68-year-old experienced pilot flying solo dies in plane crash in Los Padres National Forest

68-year-old experienced pilot flying solo dies in plane crash in Los Padres National Forest

Officials said on Thursday, May 16, that a Solvang pilot died in a single-engine plane crash in the Los Padres National Forest. The pilot, 68-year-old Pierre Josefsohn, was flying alone in his 2006 Aviat fixed-wing, single-engine aircraft on Wednesday afternoon when his family grew worried after he failed to return home. According to Santa Barbara County Sheriff’s Office, Josefsohn had left to go for a brief flight around the area.

KTLA reported that the department was informed of the situation at around 8 pm when the elderly man had still not contacted any members of his family. Authorities searched through that evening and early on Thursday morning spotted the wreckage with Josefsohn's body at around 8 am.

(Source: Santa Barbara County Sheriff's Office)

Authorities described Josefsohn as an experienced pilot and it is still not known what led to the fatal crash. An investigation into his death is being led by the Sheriff's Office while the National Transportation Safety Board investigates the crash.

According to the Sheriff's Office, an air support unit started searching for the site of the crash in the Figueroa Mountain Road area, around two miles south of Ranger Peak on Wednesday, May 15, evening. A tracking system on the aircraft indicated its location but authorities were not able to look for it due to dark and foggy conditions that night.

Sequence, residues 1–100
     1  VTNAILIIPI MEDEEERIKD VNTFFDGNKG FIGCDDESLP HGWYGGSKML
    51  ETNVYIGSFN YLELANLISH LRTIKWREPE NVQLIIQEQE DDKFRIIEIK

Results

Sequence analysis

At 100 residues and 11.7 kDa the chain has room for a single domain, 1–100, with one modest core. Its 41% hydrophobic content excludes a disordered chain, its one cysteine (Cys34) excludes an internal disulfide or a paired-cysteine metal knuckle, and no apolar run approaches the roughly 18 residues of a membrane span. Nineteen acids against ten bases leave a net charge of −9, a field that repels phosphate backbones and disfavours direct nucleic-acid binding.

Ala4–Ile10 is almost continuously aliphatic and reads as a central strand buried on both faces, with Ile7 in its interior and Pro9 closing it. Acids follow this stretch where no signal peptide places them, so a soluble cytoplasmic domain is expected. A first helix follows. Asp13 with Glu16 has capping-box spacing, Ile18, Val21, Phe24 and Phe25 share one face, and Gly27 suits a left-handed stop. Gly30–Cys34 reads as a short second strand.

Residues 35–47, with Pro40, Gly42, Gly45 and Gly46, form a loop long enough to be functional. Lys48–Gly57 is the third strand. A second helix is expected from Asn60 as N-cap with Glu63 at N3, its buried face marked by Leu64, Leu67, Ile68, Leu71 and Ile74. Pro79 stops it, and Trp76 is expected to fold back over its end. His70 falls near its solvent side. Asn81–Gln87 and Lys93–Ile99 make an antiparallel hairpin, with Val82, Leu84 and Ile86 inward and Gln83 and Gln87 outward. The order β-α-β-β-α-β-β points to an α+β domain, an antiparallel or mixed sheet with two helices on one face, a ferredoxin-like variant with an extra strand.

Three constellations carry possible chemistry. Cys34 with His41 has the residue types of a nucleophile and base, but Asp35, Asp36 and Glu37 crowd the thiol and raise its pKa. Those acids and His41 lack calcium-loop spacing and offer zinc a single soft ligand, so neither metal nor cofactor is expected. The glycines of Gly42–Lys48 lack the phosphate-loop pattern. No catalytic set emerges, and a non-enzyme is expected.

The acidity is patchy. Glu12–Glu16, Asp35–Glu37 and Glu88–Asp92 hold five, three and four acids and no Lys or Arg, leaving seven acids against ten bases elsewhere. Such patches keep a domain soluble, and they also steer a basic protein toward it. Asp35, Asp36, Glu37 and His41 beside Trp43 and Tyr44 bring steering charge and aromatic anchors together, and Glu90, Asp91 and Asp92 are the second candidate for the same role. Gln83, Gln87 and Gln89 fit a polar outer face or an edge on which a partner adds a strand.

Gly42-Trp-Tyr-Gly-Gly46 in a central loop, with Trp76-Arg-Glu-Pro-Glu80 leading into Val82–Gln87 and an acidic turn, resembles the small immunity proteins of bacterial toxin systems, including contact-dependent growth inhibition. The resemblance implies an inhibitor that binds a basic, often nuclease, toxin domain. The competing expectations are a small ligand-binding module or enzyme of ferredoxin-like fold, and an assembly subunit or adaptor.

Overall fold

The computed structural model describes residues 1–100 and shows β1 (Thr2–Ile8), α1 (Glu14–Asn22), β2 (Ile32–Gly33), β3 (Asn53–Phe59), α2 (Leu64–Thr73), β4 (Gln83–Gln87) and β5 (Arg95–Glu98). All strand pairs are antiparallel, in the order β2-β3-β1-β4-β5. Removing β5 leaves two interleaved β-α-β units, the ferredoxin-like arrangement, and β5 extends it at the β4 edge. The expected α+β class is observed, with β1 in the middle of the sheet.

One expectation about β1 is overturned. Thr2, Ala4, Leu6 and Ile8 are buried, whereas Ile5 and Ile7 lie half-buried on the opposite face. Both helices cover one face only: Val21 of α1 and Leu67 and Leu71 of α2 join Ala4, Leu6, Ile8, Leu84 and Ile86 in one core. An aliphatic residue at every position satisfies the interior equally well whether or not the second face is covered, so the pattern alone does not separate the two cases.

At around 3 am the following morning, officials responded to a remote area where the plane's final radar track was found by the Air Force Rescue Coordination Center. Authorities then drove to the area in 4X4 vehicles and a UTV, and finally spotted the wreckage using binoculars after having searched on foot for hours. The crash site was located on a steep hillside known as Goat Rock at around 7.30 am.


Authorities said that an air support unit flew over the area and subsequently confirmed that there was a wrecked plane as well as a body on a ridge about 100 feet below.

In order to reach the remote location, search and rescue officials climbed up a steep ridgeline for around an hour and a half before they reached the point above the wreck where they were able to use ropes to rappel down to the victim's body. Josefsohn's body was then hoisted out from the location and handed over to coroner's officials.

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